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Magnetic fluid mimics biological pattern formation

作者:冒蝙骝    发布时间:2018-01-02 05:00:11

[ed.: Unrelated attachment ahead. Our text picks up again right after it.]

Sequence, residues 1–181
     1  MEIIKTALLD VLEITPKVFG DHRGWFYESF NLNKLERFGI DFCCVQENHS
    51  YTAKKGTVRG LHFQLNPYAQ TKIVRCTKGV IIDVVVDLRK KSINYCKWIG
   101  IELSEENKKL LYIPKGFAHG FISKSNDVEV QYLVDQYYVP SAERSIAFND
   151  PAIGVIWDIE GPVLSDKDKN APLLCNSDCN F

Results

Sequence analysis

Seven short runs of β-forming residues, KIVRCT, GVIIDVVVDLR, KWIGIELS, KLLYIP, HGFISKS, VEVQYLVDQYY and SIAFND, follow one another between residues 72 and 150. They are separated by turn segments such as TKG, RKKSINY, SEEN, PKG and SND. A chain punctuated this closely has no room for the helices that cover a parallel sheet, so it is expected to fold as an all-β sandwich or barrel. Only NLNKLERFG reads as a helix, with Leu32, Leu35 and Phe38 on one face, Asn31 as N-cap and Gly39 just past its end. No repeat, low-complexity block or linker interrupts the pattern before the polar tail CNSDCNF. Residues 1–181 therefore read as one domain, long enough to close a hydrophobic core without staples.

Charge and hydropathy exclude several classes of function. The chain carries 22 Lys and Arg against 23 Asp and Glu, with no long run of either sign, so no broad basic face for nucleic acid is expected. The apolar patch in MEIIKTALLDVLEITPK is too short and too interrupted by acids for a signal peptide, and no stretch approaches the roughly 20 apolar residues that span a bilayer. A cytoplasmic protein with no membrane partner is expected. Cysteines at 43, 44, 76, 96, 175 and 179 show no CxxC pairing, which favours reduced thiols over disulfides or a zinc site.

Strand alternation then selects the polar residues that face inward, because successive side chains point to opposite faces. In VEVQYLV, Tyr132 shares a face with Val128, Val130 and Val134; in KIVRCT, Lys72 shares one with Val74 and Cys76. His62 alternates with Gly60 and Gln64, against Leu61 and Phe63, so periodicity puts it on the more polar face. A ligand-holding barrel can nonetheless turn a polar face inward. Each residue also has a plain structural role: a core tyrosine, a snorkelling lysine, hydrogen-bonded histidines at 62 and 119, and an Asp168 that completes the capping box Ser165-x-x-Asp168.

By Jacob Aron (Image: Jaakko Timonen) How do you get a bunch of ferrofluid blobs to dance? Place them above a wobbling magnet on a water-repelling surface. Ferrofluids – liquids infused with magnetic nanoparticles – can be manipulated in a magnetic field. While studying their properties, Jaakko Timonen of Aalto University in Espoo, Finland, and colleagues put a small drop of ferrofluid on a superhydrophobic surface. When a magnet was placed underneath, the drop became pointed, and moving the magnet closer caused the drop to split in half. Further reducing the gap generated even more droplets that formed symmetrical patterns, as shown in the video above, which surprised Timonen. “It was a lucky stumble,” he says. The newly formed drops are held apart by a combination of magnetic repulsion and the water-repelling surface, which prevents them from joining together again. They even stay separate once the magnet is removed, because the individual drops don’t have enough energy to reform. Similar static systems are often found in nature – for example, the atoms in a crystal or the folds of a protein automatically arrange themselves in the lowest possible energy state. Other natural structures such as the cytoskeleton, the flexible fibres that form the scaffold of cell membranes, require a continuous supply of energy to self-assemble. It is much harder to create such dynamic structures in the lab, but Timonen realised that moving the magnet back and forth beneath the surface on which several droplets sat would provide the droplets with a continuous supply of energy that lets them form new structures. Sure enough, when the magnet moved quickly enough, the droplets began to merge together. However, stopping the magnet made the droplets revert back to their initial state. A better understanding of this behaviour could teach us more about how dynamic biological structures work. According to Timonen, the ability to split and manipulate drops of fluid could also prove useful for lab-on-a-chip applications, for example to analyse water samples. “You could split a droplet into five smaller droplets and perform a different analysis on each one,” he says. Journal reference: Science, doi:

 

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